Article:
When employers receive notice of a complaint filed against them with a federal or state regulatory agency, their first question is often "Who complained?" While it may be tempting for management to learn who brought the government into the picture, this curiosity can lead to significant retaliation claims. Last month, the Department of Labor's Administrative Review Board concluded that a company's General Counsel who sent an email to its management identifying the complaining employee, engaged in an adverse employment action under the Sarbanes-Oxley Act (SOX).
In Menendez v. Halliburton, the plaintiff was an in-house accountant who raised internal questions with regard to Halliburton's financial statements. These concerns were investigated, but ultimately rejected by the company. He then filed a complaint with the Securities and Exchange Commission, making the same allegations he had previously raised internally.
In response to the SEC complaint, Halliburton's General Counsel sent a document retention memorandum to several company executives. In the memo, the General Counsel identified the plaintiff as the presumed source of the complaint. Melendez alleged that as a result of this disclosure, he was subsequently "shunned" by his managers and co-workers. He eventually quit, and filed a retaliation complaint under SOX, alleging that the disclosure of his identity resulted in his constructive discharge from employment.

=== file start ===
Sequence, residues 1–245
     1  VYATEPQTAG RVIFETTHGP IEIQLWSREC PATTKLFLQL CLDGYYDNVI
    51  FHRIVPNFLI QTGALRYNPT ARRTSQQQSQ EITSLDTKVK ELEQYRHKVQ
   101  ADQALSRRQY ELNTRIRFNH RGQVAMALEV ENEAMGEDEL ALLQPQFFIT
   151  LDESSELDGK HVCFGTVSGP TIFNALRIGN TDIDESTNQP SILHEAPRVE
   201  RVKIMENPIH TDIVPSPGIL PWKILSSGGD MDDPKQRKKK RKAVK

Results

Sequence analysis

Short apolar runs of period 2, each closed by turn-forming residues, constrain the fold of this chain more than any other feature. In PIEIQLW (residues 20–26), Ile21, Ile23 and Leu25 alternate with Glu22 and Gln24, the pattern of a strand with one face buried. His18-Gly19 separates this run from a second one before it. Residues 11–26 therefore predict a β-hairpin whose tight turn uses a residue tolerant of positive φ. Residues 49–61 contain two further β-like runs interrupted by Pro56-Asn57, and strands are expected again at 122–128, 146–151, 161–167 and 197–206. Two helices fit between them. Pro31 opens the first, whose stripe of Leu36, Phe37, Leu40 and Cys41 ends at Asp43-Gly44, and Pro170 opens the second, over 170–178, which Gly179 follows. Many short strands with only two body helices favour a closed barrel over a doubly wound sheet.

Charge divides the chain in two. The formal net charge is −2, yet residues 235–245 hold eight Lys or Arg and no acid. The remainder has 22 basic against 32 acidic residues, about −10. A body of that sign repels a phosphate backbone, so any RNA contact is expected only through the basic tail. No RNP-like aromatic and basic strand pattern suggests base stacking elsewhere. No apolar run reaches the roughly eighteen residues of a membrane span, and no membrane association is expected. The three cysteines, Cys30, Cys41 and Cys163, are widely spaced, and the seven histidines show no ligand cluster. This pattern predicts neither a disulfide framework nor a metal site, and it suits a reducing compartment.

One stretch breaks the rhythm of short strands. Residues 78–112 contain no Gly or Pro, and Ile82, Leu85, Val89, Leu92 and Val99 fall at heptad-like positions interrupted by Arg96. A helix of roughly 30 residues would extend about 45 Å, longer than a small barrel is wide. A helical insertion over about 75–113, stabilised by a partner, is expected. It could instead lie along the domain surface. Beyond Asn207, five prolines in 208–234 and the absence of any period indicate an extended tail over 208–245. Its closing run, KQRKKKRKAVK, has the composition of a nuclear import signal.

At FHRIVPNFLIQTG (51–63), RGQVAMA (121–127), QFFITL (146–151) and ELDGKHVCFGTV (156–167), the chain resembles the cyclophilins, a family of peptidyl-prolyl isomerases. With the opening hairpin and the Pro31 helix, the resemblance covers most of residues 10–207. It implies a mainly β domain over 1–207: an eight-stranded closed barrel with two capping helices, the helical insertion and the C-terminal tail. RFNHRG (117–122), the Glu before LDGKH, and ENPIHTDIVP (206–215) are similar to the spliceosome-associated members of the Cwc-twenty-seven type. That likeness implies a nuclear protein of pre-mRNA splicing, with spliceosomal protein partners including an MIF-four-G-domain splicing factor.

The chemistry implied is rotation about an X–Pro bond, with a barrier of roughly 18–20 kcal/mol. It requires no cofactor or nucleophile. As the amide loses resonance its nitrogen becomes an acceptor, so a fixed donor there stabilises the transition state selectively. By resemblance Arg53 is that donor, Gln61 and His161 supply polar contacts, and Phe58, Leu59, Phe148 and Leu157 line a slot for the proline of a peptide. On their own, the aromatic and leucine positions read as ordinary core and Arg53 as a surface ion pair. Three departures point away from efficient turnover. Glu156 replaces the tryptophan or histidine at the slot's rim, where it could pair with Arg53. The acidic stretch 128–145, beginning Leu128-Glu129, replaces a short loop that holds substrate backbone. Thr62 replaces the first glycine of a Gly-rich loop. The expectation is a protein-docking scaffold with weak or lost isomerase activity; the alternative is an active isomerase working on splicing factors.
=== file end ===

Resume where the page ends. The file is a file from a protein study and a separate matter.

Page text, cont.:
Halliburton contended that the plaintiff had not been constructively discharged or retaliated against, because the company never took any adverse employment action against him. The Administrative Review Board disagreed, reversing an earlier dismissal of the retaliation claim. In its decision, the Board noted that adverse employment action includes non-tangible effects on an employee's work. In this case, the General Counsel's breach of the plaintiff's confidentiality violated Section 301 of SOX, and constituted violation of an implied terms and condition of the plaintiff's employment.
The Board concluded that this breach of confidentiality directly led to the reluctance of Melendez's co-workers to associate with him. While these reactions may not have been adverse employment actions in and of themselves, the initial disclosure of his identity was enough to carry the plaintiff's burden of proof under SOX.
When faced with a government investigation, companies should avoid the temptation to ferret out the source of the complaint. For purposes of responding to the government agency, the identity of the complaining party is usually irrelevant. In this case, the SEC ultimately dismissed Melendez's underlying complaint. However, the General Counsel's identification of him as the complaining party resulted in an expensive retaliation determination.